Another sad Christmas for Bethlehem businessmen

Security concerns are keeping tourists away from Manger Square, affecting the souvenir shops and other businesses that rely on them

Palestinian Muslim women from Ramallah take a selfie by the Christmas tree in Bethlehem’s Manger Square on December 23, 2016. Heidi Levine for The National
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BETHLEHEM, WEST BANK // There is little good cheer for businesses around Bethlehem’s Manger Square this Christmas.

“Every year it gets worse,” said Adnan Sobah, standing on the pavement outside his souvenir shop. “There are no tourists, only local people. The tourists are scared to come because of violence in the Middle East.”

With two days to go before Christmas, Manger Square – the site of the 4th-century Church of the Nativity marking the traditional birthplace of Jesus – was largely empty on Friday, with only a sprinkling of tourists, mostly from Arab areas in Israel or from other parts of the West Bank.

Mr Sobah interrupted questions with one of his own: “Won’t you come inside and see my shop? Maybe you’ll be lucky for me.”

Inside, he showed off wares including colourful carpets, small brass candelabras and an olive-wood carving of what appear to be a shepherd and one of the Three Wise Men. But this Nativity scene has a twist – they are blocked by a wall similar to the separation barrier Israel has erected between Bethlehem and Jerusalem.

“The wall makes people scared to come to Bethlehem,” Mr Sobah said. “It’s higher than the Berlin wall.”

Mr Sobah made only US$20 (Dh73) in sales on Thursday and said he would be unable to repay the loans he took to stock his shop for Christmas. “If you want to help me, you can make my Christmas,” he said, still hoping to make a sale.

The story was similar in shops throughout Manger Square, but Bethlehem was not completely devoid of good news. The 219-room Manger Square Hotel was fully booked, said Luna Sahouri, an employee, and doing much better than last Christmas when a wave of Palestinian-Israeli violence shook the area.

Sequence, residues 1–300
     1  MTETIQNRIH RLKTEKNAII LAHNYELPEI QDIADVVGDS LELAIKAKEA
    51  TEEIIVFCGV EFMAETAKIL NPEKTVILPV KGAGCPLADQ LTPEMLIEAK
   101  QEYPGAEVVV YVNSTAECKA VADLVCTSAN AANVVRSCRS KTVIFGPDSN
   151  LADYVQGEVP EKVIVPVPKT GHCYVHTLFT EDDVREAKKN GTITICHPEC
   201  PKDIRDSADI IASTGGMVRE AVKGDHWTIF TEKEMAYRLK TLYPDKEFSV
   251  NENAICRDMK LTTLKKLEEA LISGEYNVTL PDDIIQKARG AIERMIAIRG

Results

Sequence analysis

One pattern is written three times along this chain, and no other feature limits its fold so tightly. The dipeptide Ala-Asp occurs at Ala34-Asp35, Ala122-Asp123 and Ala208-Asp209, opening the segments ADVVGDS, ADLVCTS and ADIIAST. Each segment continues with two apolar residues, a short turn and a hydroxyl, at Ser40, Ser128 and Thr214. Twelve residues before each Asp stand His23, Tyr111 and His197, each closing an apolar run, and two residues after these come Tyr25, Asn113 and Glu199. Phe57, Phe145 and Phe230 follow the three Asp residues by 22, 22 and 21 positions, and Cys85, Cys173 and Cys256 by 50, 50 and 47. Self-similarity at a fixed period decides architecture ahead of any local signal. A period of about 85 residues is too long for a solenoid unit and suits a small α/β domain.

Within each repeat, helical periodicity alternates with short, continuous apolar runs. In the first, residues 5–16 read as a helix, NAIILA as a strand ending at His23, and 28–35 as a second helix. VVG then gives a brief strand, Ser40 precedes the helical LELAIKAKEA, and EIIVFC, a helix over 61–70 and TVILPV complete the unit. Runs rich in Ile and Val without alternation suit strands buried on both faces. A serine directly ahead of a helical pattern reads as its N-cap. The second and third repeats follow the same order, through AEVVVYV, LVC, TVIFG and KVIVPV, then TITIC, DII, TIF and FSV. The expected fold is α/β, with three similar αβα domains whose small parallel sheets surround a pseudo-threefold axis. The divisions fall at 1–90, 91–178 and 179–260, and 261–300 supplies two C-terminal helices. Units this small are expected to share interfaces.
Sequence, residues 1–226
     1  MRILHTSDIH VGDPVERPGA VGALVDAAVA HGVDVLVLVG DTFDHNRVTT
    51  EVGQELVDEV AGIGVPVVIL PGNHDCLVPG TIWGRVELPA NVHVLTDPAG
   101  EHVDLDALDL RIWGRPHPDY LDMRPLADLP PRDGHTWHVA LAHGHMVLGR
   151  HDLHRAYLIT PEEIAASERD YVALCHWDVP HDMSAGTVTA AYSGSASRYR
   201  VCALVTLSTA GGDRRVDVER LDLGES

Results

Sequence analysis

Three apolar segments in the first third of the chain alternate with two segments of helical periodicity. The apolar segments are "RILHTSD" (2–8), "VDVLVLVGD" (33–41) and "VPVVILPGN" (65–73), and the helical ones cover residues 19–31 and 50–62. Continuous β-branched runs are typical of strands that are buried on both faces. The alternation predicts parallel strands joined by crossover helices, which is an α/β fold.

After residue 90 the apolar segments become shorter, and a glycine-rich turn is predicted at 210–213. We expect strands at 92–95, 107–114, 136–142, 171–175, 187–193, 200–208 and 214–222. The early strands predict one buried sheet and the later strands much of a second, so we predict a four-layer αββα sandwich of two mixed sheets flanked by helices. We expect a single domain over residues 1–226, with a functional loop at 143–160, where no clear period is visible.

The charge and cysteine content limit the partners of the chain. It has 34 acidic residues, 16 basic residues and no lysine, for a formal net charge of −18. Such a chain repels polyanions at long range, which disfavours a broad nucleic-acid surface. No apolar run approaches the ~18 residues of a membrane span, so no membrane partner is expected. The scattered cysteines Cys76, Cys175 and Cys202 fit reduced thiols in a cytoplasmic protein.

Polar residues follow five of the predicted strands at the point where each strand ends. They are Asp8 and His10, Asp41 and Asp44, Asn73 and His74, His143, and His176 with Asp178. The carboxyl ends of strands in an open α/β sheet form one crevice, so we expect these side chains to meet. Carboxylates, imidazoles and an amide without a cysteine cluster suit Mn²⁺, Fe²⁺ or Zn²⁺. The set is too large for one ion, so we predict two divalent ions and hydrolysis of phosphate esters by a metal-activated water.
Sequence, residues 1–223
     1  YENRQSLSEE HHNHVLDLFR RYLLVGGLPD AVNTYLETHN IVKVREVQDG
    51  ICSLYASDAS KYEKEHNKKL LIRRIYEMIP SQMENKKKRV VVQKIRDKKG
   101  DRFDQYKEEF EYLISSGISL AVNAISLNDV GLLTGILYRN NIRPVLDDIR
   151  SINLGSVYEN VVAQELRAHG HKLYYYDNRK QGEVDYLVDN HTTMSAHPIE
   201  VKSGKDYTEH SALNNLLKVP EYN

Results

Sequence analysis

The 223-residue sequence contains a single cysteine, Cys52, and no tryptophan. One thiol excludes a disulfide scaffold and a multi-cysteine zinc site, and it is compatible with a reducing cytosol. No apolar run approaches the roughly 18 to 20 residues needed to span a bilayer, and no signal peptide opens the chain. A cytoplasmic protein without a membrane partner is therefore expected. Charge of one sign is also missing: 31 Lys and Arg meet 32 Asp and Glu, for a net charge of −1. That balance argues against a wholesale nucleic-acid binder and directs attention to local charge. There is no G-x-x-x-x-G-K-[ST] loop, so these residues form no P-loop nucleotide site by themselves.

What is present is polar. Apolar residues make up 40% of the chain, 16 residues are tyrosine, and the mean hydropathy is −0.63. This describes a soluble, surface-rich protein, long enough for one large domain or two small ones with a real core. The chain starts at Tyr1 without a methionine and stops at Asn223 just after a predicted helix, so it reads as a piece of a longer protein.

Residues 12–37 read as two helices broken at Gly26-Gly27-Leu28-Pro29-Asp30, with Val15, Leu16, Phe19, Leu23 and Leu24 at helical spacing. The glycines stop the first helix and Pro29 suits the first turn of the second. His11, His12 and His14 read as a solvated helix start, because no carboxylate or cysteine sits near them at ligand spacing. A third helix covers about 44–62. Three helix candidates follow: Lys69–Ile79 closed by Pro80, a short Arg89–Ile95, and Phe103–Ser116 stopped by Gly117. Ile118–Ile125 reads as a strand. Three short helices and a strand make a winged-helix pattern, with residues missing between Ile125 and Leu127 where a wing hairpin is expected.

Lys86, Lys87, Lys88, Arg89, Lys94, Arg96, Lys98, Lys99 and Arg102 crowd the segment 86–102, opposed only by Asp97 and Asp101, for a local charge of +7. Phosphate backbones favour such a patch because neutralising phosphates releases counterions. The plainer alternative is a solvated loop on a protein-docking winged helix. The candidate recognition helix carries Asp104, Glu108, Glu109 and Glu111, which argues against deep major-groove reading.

“We think Christmas will be bigger this year than last year,” said Fadi Ghattas, spokesman of the Bethlehem municipality.

Among the tourists near Manger Square was Praise Lazarus, a Christian from Nigeria who said she felt safe in Bethlehem and was excited to “join those who believe in Christ to celebrate his birth”.

“The Palestinians that live here are kind and friendly, whether Muslim or Christian,” she said.

Ahmad Aweidah, chief executive of the Palestinian stock exchange, was in Bethlehem to shop for a dinner he is hosting for 25 friends on Christmas evening. Sporting a Santa Claus hat, he said loved to celebrate Christmas even though he was Muslim. “It’s a very special time of year. In Palestine it’s a national holiday, not just for Christians, because Jesus was the first Palestinian,” he said.

But there was little festive cheer inside Christmas House, one of the oldest souvenir shops in Bethlehem. The owner, Nabil Giacamin, said his brother no longer visited from Dubai to help out at Christmas.

“I don’t need him because there is no business,” he said.

Mr Giacamin blamed the authorities for not doing enough to make Manger Square a friendly and lively place. He was particularly upset about the metal barricades set up in parts of the square.

“They are scary. They are not a nice view of Bethlehem. They are giving people the impression that it’s dangerous,” he said. “You need security but there is another way of doing it. You can check people when they come in and keep the square itself free for everyone to move around.”

He was also angry at tour guides, whom he accused of misleading tourists that it was not safe to walk around freely. This was so that the visitors would stay close to the shops from which the guides get a commission on sales, he said.

Another complaint among souvenir sellers was the way cheap imports from China had driven out locally crafted goods in recent years. Local businessmen estimated that about half of the goods in Bethlehem souvenir shops now came from China, including nativity scenes, replicas of the Dome of the Rock mosque in Jerusalem and magnets showing the Church of the Nativity.

“It affects us because people want the cheap stuff and olive-wood carvings are by hand, they’re costly,” Mr Giacamin said.

He owns a souvenir factory near his shop that employed 25 workers in 2010, but competition from China has driven the staff down to seven. “I can’t keep feeding them,” he said.

Pilgrims buying rosary beads in Mr Giacamin’s shop can choose Bethlehem olive-wood ones for $10 dollars or Chinese ones from poorer quality wood for $2.50. Nativity scenes made from olive wood cost $150 and Chinese ones made from resin $35.

“I sell three times more of the resin ones,” he said.